Monday, November 29, 2010

Virtual Advent Retreat at RevGals - Part III

I'm back to drinking tea, very delicious tea that I wouldn't normally drink in my hurry to get some coffee and get to work. This "difference" seems to fit into the way Joseph responds in Matthew's story.
Now the birth of Jesus the Messiah took place in this way. When his mother Mary had been engaged to Joseph, but before they lived together, she was found to be with child from the Holy Spirit. Her husband Joseph, being a righteous man and unwilling to expose her to public disgrace, planned to dismiss her quietly. But just when he had resolved to do this, an angel of the Lord appeared to him in a dream and said, ‘Joseph, son of David, do not be afraid to take Mary as your wife, for the child conceived in her is from the Holy Spirit.
LutheranChik writes,
How easy it is to place parameters on our acts of mercy; to measure out our compassion in easily manageable units, according to our own comfort level, at our own convenience; perhaps, deep down, according to our own sense of competence: "I can go this far; no farther."

By the standards of his own time and culture, Joseph exceeded most people's expectations of how a prospective husband should treat a fiancee' found to be pregnant. He would have been within his rights to publicly denounce Mary as an adulteress and let the community guardians of morality deal with her in the way that patriarchal societies have traditionally dealt with women deemed to be sexually compromised. But no, he decided; he would take the high road: He would quietly call off the marriage, let Mary's family deal with the problem of her pregnancy, and walk away -- embarrassed and disappointed, surely, but blameless; and free to start over. There; he'd do his duty and then some.

What were Joseph's thoughts, one wonders, when he realized that God had a different plan -- one that would presumably implicate him as father of Mary's child, bringing his morality as well as Mary's into question; one that would additionally place on his shoulders the enormous responsibility of raising a child not his own, a child whose origin he could scarcely imagine? Did Joseph feel a hesitation, a catch of uncertainty, as he weighed the consequences of assenting to the task assigned to him?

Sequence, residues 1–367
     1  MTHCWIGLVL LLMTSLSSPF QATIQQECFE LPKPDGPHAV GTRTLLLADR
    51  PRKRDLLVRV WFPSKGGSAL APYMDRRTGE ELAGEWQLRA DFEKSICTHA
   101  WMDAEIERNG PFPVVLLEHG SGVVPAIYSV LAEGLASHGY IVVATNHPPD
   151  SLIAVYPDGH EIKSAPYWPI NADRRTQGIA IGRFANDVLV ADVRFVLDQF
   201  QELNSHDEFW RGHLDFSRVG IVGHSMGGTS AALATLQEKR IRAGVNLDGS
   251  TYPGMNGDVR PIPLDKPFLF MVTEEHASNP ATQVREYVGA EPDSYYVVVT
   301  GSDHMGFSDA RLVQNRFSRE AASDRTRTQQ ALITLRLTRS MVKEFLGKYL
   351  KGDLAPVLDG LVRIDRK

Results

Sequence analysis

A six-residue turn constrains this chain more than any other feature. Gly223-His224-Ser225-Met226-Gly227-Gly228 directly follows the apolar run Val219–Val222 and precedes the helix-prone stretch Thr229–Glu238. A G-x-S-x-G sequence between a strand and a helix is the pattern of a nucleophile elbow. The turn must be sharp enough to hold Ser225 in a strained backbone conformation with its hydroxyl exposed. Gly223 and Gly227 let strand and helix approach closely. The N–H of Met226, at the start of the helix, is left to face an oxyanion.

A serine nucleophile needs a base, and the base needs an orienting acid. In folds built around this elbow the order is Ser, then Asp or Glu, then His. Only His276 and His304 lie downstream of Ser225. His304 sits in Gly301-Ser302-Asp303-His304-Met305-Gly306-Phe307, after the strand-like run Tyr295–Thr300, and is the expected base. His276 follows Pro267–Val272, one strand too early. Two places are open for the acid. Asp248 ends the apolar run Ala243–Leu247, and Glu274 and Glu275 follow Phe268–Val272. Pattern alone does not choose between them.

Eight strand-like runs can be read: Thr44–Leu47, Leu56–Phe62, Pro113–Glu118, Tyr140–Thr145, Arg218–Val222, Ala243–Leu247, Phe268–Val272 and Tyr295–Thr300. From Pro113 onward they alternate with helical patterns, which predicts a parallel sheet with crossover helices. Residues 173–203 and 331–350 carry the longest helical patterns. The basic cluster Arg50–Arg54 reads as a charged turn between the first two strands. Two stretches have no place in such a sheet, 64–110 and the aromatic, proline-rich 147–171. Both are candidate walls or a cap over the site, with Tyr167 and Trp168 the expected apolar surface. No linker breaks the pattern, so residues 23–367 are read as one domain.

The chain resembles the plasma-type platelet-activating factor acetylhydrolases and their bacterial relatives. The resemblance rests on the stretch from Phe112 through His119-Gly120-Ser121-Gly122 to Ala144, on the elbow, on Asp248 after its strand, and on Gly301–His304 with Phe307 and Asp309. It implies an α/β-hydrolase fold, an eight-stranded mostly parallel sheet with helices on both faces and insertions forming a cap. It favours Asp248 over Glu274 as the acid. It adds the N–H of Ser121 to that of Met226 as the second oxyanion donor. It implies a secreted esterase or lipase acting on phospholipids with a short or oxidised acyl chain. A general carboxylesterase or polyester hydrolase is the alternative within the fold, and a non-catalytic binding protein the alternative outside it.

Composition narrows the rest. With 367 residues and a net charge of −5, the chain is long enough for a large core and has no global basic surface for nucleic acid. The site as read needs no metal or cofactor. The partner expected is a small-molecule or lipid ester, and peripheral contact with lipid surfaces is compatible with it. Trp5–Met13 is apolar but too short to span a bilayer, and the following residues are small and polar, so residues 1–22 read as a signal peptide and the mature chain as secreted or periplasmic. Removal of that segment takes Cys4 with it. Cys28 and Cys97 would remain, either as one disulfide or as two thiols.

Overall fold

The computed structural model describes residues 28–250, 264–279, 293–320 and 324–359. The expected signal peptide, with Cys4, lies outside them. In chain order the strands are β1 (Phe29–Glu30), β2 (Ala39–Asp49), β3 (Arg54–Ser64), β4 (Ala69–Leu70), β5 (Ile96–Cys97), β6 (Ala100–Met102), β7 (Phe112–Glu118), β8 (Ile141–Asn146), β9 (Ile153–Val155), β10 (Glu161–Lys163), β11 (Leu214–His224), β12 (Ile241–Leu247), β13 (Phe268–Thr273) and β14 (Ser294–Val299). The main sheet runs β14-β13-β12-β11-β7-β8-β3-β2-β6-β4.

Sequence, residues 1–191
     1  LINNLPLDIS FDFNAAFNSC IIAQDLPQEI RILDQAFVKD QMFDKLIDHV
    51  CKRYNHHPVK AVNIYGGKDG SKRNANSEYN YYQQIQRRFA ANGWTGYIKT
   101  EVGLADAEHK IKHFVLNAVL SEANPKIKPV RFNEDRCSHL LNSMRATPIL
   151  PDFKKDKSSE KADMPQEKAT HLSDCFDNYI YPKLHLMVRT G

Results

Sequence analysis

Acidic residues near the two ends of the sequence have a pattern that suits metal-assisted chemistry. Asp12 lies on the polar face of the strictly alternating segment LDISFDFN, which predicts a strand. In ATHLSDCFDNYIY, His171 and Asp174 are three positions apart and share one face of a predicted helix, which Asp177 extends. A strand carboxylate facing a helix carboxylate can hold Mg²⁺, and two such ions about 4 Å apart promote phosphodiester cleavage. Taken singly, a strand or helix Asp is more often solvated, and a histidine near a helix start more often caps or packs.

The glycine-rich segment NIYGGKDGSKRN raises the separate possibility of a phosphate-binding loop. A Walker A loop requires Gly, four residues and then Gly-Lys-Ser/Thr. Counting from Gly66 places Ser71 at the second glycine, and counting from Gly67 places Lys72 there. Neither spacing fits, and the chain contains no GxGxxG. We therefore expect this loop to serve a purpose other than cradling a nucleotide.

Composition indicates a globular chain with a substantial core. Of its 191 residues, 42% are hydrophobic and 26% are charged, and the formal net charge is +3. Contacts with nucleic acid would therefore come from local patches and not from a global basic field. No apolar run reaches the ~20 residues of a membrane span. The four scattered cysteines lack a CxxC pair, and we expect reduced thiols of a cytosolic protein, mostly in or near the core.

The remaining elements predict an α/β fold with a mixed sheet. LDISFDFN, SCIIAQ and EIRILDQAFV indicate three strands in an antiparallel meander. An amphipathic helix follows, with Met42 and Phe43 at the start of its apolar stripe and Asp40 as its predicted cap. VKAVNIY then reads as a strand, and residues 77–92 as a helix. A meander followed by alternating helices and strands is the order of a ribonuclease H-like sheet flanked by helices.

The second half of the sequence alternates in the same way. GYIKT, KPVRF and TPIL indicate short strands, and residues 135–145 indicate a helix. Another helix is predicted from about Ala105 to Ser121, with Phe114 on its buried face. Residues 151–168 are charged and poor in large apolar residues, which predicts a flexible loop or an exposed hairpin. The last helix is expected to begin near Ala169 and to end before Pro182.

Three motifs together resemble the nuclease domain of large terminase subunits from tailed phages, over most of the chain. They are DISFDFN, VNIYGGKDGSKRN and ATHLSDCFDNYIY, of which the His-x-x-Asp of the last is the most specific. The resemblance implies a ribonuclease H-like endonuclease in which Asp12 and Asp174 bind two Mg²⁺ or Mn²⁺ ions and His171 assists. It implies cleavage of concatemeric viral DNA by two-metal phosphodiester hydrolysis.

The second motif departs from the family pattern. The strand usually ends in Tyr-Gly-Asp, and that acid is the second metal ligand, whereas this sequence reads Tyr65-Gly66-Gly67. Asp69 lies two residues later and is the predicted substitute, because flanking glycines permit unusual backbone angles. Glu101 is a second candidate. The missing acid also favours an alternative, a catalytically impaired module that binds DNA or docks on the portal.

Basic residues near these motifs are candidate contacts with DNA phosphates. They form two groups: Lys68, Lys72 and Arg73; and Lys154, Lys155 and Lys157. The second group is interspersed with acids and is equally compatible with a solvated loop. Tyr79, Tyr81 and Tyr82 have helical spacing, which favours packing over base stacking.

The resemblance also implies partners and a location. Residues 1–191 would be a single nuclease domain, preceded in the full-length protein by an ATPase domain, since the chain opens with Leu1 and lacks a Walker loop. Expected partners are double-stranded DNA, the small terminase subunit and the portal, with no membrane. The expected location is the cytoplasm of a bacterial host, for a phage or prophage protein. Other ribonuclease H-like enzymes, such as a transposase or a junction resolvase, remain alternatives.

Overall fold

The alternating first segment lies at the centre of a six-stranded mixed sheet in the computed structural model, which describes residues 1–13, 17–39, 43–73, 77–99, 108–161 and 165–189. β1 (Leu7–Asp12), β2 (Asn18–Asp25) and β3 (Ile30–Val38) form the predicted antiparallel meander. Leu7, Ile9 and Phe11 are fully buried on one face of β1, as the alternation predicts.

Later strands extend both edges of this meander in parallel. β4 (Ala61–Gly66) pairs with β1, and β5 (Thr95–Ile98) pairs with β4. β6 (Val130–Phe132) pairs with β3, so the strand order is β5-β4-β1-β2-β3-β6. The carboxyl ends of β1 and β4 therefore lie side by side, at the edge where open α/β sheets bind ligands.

Joseph risked the different way. I remember times when I took that path and spent the time to drive someone to the auto-parts store so I could buy her brake shoes. (With the church's emergency fund.) And I remember the times I didn't go, or didn't pick up the phone because I was sure it was a late Friday request for help from the network of people who call churches and know how to time the call so their need can't be verified before the deadline for weekend housing is here.

How can I find the courage to take a different path when presented with it? "Another Way of Living" is what the Brethren call it. Joseph did it and that had to take major courage. How might I even discern the path? Perhaps all I can do is pray LutheranChik's prayer:

Prayer: Loving, gracious and merciful God, help me make room for Christ in my life by making room for risk on behalf of others. Help calm the fears that separate me from others. Let me say "yes" to the next right thing I'm called to do on behalf of my neighbors -- even when it's difficult, even when it comes at a cost. Help me do these things for Jesus' sake. Amen.

No comments: